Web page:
Strong presales of the “Ghost Drone” — a one-pound unmanned aircraft that can be mounted with a camera and easily controlled with a smartphone app — have helped its maker land $10 million in funding.

EHANG, which is preselling the Ghost Drone until Jan. 9 on its Indiegogo page, touts the aircraft as “the world’s most intuitive personal drone” in a statement announcing its new funding.

ghostdrone
Promotional graphic posted on Ghost Drone’s Indiegogo page

Lightweight and capable of holding a camera, the Ghost Drone is the sort of unmanned aircraft that real estate agents have been using to capture aerial photos and video of listings, despite a cloud of legal uncertainty hanging over commercial drone operation.

The Ghost Drone weighs 1.4 pounds without add-ons, comes preassembled and can be piloted from a smartphone app preprogrammed with hover, return and land commands. Pilots can also outfit the drone with a gimbal weighing half a pound that can hold a GoPro camera for capturing aerial footage.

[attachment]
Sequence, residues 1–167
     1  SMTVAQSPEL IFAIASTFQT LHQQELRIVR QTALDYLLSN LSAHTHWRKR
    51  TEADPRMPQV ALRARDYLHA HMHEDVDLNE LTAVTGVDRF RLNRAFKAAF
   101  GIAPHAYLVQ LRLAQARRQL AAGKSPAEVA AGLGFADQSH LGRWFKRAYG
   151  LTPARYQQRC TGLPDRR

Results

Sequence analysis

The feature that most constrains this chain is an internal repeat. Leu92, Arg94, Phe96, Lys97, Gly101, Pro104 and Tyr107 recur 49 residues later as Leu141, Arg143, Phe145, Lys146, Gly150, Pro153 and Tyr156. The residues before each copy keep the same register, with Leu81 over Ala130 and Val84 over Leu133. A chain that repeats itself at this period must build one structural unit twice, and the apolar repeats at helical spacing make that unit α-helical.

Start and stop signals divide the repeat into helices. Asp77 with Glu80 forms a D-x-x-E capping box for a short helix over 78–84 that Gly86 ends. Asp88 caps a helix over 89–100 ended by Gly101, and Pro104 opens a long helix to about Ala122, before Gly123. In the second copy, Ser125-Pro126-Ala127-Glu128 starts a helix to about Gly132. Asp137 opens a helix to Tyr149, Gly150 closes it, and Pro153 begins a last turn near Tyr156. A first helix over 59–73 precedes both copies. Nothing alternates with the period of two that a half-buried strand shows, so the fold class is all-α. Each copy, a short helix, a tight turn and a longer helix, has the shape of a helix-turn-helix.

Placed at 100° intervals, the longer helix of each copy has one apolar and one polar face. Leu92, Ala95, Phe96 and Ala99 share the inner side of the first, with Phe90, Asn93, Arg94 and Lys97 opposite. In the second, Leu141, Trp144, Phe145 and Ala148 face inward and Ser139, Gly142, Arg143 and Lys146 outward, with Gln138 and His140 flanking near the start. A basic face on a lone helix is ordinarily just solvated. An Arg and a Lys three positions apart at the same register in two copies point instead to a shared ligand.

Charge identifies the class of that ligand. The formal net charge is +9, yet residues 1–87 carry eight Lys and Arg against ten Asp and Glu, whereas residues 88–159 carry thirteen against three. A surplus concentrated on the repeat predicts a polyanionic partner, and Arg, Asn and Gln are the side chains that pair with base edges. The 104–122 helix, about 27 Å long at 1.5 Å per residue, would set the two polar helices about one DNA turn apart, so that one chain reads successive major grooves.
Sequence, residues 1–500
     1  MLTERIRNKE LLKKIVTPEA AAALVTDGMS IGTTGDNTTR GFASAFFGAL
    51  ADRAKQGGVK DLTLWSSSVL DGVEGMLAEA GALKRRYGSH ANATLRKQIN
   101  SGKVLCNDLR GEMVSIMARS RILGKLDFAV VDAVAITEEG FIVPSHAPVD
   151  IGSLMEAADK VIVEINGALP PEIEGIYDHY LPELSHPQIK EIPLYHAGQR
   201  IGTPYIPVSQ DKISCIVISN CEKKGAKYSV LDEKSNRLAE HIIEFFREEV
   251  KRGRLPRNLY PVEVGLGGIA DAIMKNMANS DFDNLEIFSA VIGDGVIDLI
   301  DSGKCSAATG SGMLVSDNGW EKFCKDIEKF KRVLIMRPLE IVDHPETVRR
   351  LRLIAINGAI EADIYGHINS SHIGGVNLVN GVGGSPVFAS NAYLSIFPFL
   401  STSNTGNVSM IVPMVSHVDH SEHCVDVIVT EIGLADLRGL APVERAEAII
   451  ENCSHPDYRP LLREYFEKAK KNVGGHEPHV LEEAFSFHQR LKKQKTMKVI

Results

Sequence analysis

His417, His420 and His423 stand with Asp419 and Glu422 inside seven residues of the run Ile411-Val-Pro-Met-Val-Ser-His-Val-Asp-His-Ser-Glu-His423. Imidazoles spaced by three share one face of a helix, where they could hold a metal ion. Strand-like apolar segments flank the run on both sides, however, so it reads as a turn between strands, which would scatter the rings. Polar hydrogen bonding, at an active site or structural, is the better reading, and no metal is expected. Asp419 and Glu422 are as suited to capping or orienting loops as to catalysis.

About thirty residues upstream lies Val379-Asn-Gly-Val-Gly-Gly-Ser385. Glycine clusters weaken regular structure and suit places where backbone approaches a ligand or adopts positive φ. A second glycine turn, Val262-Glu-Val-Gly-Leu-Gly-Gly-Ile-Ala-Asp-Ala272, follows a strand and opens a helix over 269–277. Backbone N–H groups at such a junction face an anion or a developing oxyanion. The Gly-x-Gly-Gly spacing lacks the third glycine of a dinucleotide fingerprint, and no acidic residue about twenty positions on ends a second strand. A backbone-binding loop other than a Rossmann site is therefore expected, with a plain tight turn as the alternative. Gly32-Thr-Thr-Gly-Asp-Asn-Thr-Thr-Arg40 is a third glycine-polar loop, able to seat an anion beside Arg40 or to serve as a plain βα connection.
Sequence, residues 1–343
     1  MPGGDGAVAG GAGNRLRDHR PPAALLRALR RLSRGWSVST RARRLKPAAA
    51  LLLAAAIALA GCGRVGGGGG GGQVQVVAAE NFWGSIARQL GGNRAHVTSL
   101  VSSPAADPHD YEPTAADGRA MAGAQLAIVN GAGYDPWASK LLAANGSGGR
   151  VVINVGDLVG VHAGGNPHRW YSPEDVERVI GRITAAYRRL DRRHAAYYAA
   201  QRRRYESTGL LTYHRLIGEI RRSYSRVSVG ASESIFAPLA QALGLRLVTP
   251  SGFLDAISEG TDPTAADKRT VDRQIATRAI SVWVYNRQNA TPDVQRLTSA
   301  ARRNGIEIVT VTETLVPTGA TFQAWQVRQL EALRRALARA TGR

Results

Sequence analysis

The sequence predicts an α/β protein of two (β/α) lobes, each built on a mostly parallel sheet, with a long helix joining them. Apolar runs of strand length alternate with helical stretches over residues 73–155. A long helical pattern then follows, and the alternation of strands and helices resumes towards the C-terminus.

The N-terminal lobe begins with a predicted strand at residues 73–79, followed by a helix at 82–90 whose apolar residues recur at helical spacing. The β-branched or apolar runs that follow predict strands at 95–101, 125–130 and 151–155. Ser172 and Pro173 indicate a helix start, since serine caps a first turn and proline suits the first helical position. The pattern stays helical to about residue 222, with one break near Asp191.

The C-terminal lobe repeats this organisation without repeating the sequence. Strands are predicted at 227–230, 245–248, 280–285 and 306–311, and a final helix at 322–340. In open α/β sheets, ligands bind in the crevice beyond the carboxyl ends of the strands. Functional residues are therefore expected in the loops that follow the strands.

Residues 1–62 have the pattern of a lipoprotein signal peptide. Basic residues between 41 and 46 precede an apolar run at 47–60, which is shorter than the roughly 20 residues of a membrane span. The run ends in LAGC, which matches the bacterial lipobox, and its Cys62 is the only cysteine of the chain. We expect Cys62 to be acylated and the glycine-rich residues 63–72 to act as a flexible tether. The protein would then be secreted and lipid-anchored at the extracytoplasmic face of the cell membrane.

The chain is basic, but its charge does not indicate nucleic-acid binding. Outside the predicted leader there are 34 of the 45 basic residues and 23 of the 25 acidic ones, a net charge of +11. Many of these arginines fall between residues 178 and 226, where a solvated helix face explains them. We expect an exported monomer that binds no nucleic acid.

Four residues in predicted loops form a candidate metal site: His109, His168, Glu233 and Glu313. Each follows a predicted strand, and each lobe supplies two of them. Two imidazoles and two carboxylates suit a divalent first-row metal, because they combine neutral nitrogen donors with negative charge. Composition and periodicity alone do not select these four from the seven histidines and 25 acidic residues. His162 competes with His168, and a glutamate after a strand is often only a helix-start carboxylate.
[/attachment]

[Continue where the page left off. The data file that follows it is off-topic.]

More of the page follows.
EHANG has been preselling Ghost Drones throughout its fundraising campaign, which blew past its fundraising target of $100,000 within 24 hours of its launch on Nov. 10.

Ghost Drones are running for $375 a pop on its Indiegogo page, but a package including a gimbal and GoPro camera costs $879.

Due to the success of EHANG’s Indiegogo campaign, which has raised nearly $650,000 to date, the company has extended presales until Jan. 9.

The company will use the additional $10 million it’s nabbed from investors to expand its team and ramp up manufacturing.

The funding round was led by GGV Capital, Xiaoping Xu and Nick Yang, “two of China’s most successful entrepreneurs,” and PreAngel, a fund focused on early-stage startups, according to EHANG.

The Federal Aviation Administration maintains that using drones for commercial purposes requires special authorization. So far, the agency — which has warned that it considers the use of drones to capture images of homes for marketing purposes to be a commercial use — has granted such permission to just 11 companies, none of which are in real estate.

The National Transportation Safety Board has ruled that the FAA can crack down on people for operating drones in a reckless or careless manner. But drone advocates say that decision did not address whether existing laws and regulations give the FAA authority to impose conditions on the commercial use of drones, an issue that’s still being decided in court.

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